Cornell has accepted 14 percent of students who applied to enroll in the Class of 2020.

Cornell has accepted 14 percent of students who applied to enroll in the Class of 2020.

April 4, 2016

Cornell’s Class of 2020 Chosen From Record Number of Applicants

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This year the University received the highest number of applications in its history.

This year the University received the highest number of applications in its history.

Cornell has accepted 14 percent of 44,966 applicants to the incoming Class of 2020, after receiving the the highest numbers of applications in the school’s history. For the second consecutive year, a record number of accepted students identify as underrepresented minorities, the University announced today.

Only 6,277 students were admitted to the Class of 2020, and all were alerted by 5 p.m. this evening. Another 4,572 students were placed on Cornell’s wait list, according to the University.

Students admitted to the Class of 2020 represent the evolution of Cornell’s demographics, as 1,718 students — or 27 percent of the admitted freshman class — self-identify as minorities. Approximately 49 percent of the Class of 2020 is composed of students of color, including both underrepresented minorities and Asian-Americans, the University said.

Cornell’s Class of 2020 hails from all 50 United States, in addition to Washington D.C., Guam, Puerto Rico and the U.S. Virgin Islands. Admitted students also currently reside in 85 countries from around the globe. Over 10 percent of admitted students are international and in citizenship status, the student body represents over 100 countries outside of the United States.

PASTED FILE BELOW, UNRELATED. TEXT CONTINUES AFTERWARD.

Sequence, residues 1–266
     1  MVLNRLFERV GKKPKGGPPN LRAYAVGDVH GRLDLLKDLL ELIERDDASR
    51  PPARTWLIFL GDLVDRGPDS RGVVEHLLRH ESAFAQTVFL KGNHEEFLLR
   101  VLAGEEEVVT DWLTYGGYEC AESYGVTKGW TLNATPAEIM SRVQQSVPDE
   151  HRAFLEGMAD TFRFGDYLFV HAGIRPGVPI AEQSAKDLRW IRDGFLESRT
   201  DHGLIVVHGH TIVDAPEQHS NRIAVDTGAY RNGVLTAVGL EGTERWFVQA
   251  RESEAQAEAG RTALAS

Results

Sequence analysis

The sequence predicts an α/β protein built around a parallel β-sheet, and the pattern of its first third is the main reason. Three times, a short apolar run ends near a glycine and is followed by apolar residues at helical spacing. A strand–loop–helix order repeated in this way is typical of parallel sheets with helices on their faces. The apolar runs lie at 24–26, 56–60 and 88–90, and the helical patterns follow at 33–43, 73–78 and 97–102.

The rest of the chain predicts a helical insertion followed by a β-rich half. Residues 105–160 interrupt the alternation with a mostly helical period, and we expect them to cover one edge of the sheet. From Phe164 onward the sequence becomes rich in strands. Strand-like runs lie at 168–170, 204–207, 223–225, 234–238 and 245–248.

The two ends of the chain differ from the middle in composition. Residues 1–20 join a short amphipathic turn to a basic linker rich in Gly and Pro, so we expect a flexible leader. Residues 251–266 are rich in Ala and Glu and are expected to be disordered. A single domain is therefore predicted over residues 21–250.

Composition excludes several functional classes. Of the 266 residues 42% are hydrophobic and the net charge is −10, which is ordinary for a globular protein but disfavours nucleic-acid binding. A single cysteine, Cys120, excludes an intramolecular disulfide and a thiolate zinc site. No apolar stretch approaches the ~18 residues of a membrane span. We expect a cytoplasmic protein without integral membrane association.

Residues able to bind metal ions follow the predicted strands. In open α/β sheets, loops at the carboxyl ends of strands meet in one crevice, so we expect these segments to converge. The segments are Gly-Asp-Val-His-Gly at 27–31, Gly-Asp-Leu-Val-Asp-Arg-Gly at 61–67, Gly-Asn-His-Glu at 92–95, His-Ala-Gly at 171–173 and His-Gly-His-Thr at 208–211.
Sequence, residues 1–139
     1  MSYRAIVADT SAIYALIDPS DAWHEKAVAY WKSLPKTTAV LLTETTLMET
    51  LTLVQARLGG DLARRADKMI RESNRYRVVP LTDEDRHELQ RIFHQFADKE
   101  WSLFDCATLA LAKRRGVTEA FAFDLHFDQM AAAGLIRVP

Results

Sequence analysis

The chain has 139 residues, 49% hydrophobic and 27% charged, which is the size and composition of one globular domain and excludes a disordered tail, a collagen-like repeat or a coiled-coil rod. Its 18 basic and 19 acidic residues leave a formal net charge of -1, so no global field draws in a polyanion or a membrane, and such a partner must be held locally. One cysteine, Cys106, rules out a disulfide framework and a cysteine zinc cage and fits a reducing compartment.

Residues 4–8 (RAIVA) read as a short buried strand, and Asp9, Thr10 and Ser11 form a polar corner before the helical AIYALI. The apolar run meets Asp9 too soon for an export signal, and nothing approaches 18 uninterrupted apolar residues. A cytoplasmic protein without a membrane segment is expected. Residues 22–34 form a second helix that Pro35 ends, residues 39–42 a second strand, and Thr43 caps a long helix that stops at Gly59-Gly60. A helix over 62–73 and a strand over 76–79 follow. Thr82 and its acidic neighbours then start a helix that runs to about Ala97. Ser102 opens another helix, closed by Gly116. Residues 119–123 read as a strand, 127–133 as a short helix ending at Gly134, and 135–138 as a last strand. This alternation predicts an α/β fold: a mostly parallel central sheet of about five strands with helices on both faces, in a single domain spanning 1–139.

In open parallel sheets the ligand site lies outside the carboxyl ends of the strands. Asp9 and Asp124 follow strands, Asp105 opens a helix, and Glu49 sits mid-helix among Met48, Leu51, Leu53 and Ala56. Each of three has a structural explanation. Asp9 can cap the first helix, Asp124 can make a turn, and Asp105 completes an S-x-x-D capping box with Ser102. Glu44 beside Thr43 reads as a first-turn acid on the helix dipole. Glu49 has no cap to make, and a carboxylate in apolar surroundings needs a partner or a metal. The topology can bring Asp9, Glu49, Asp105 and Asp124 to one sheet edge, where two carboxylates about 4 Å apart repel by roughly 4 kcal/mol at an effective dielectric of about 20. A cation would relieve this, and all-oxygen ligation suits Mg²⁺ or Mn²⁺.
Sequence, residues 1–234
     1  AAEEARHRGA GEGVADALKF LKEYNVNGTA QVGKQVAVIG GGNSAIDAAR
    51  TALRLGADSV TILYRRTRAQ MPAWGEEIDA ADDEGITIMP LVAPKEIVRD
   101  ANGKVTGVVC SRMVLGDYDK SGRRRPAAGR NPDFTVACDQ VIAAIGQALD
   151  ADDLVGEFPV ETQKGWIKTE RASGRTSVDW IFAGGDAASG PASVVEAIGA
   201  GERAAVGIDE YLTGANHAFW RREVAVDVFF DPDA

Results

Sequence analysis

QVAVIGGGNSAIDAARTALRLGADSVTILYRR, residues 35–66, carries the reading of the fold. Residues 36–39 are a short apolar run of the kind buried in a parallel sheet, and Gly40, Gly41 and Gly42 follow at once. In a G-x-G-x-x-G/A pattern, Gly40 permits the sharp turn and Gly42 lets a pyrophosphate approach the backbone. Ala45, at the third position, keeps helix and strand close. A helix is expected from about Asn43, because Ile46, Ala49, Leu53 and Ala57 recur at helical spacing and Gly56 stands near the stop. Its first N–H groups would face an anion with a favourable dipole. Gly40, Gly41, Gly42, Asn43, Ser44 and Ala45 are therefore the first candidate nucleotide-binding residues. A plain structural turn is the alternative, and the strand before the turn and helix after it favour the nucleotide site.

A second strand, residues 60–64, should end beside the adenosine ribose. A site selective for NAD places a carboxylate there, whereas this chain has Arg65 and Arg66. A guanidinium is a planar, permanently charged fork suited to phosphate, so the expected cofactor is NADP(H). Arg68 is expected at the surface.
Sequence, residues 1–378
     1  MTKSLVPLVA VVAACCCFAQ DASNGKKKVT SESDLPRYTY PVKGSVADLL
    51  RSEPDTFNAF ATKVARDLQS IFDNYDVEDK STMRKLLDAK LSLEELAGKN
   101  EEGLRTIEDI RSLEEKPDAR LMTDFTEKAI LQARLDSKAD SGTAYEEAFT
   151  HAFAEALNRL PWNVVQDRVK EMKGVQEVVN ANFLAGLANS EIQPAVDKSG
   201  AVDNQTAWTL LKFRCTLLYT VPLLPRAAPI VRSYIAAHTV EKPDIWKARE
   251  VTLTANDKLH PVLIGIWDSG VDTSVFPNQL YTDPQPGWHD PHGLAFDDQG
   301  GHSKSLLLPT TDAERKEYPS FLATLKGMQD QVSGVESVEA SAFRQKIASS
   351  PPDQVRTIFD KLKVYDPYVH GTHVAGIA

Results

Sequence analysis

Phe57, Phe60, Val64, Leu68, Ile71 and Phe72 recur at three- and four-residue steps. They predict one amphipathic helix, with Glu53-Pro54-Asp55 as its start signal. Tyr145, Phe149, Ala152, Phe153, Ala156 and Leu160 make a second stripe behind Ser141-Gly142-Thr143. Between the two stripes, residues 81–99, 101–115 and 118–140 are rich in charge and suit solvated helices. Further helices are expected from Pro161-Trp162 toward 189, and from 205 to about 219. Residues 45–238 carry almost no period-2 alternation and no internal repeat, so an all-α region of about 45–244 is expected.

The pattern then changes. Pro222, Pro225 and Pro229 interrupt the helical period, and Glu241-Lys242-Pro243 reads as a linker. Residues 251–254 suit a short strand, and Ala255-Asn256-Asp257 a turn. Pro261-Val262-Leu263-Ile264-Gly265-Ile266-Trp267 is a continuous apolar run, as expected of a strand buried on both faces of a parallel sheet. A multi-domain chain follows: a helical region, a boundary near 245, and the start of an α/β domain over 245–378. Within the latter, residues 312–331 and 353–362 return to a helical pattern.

Almost 700 admitted students are the first in their family to attend college, according to the University.  The proportion of women enrolled at Cornell also increases to 54.7 percent of students within the Class of 2020.

“This year’s exceptionally large application pool produced a remarkable class of scholars,” said Jason Locke, associate vice provost for enrollment. “From our first-generation students to ROTC candidates and student athletes, the Class of 2020 is incredibly talented.”

Those accepted to the incoming freshman class boasted a median SAT I Critical Reading score of 730 — the same as last year — but the SAT I Math score increased from 750 to 760, according to the University.

Locke said the Class of 2020 will be “slightly larger” than previous classes, with the University aiming for a yield of 3,275 freshman enrolled this fall, up from 3,182 last year. Students have until May 1 to determine whether they will accept the University’s offer of admission.

The University also predicts that over 60 additional freshman will enroll in Cornell in January of 2017, as the second class of students participates in the First-Year Spring Admissions program, which was established in 2015. These students have also been notified of their admissions status, according to the University.

“Each year, the admitted class raises the bar on what it means to be outstanding, and just when I think we cannot push further with our goals to broaden and diversify the incoming class, it happens,” said Shawn Felton, director of undergraduate admissions.

The admissions office anticipates that 1,800 prospective students will visit campus during “Cornell Days” from April 14-25 as they contemplate their decision. The University will also host over 400 underrepresented minority students on campus during “Diversity Hosting Month,” forum April 8-27.